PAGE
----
Likewise Grayland II, while considered pleasantly ineffectual by the bishops in her role as emperox, had not to this point shown any particular affinity for the church as an entity. She had recently been preoccupied with an attempted rebellion by the Nohamapetan family and a theoretical issue regarding the stability of the Flow streams around the Interdependency, neither of which was directly related to the church, its processes or mission.
The idea that the emperox would wish to address the bishops on an ecclesiastical matter was surprising and, some would even say, perhaps cheeky. The general feeling of the bishops assembled was that they were willing to listen tolerantly to whatever musings their young emperox might have, and then go to the formal reception with her afterward, have some nibbles and a photograph with her, and then always have the event as a curious memory and conversation piece. Certainly Lenson thought this was the way it would go.
Thus was Bishop Lenson Ornill—and, to be fair, the rest of the bishops of the church—caught unawares when Grayland II, in the simple vestments of an ordinary priest rather than her cardinal finery, stood at the edge of the chancel and began by saying, “Many years ago, our ancestor and predecessor Rachela had visions. Those miraculous visions brought about our church, this church, this foundation upon which rests our entire civilization. Brothers and sisters, we have good news. We too, have had visions. Wonderful visions. Miraculous visions. Visions which speak to the mission of our church, and its role in the turbulent times of which we stand at the precipice. Rejoice, brothers and sisters. Our church is called to a new spiritual awakening, for the salvation of humanity in this world, and beyond it.”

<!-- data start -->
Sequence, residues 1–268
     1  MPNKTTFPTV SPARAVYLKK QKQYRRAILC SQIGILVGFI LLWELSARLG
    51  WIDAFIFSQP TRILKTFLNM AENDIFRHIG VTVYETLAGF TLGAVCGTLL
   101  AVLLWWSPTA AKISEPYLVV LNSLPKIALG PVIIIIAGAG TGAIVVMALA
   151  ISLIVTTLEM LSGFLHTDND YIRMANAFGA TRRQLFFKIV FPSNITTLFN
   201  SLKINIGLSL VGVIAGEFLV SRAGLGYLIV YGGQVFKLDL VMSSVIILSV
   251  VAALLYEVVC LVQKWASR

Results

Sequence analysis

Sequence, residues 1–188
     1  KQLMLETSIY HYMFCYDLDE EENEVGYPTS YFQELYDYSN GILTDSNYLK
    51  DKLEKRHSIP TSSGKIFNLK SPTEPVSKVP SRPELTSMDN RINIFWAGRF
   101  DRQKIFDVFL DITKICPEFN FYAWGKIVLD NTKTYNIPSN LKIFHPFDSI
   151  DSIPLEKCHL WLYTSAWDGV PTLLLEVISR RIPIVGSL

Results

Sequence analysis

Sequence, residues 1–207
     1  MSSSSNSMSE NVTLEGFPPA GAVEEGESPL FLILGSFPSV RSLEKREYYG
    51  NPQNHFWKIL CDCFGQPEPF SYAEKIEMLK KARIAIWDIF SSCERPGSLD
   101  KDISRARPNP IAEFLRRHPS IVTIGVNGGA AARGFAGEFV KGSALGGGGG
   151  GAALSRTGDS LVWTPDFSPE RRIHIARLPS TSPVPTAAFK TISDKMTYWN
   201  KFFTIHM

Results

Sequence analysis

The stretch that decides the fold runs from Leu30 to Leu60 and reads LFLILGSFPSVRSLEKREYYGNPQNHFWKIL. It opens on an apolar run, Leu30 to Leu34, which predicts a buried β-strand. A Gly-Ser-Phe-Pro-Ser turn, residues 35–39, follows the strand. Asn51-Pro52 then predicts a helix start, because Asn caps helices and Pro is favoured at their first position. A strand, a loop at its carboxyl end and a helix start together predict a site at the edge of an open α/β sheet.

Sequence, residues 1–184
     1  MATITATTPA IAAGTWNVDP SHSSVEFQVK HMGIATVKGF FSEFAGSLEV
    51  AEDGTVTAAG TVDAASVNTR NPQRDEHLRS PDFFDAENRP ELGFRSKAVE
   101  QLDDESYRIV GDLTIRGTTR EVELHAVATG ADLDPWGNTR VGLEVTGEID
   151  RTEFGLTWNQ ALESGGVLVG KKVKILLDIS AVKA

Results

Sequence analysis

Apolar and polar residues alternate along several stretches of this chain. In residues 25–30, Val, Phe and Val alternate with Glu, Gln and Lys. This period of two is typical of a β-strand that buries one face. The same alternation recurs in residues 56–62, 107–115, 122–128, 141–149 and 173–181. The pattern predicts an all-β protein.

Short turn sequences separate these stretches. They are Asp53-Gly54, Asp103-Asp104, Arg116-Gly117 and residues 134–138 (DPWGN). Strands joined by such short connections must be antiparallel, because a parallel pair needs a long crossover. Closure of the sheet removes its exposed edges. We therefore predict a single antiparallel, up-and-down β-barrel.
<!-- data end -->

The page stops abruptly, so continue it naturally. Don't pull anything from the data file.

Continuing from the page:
Lenson Ornill took in Grayland II’s words, their intent and meaning, what they boded for the church as he understood it, his faith as he had developed it, and the genesis of his engagement with both, trapped in that small cabin, struggling to breathe, all those many long years ago. And then, quite without meaning to, he uttered the words to encapsulate what he was feeling about each, in this one epochal moment.
“Well, fuck,” he said.
Excerpted from The Consuming Fire © 2018 by John Scalzi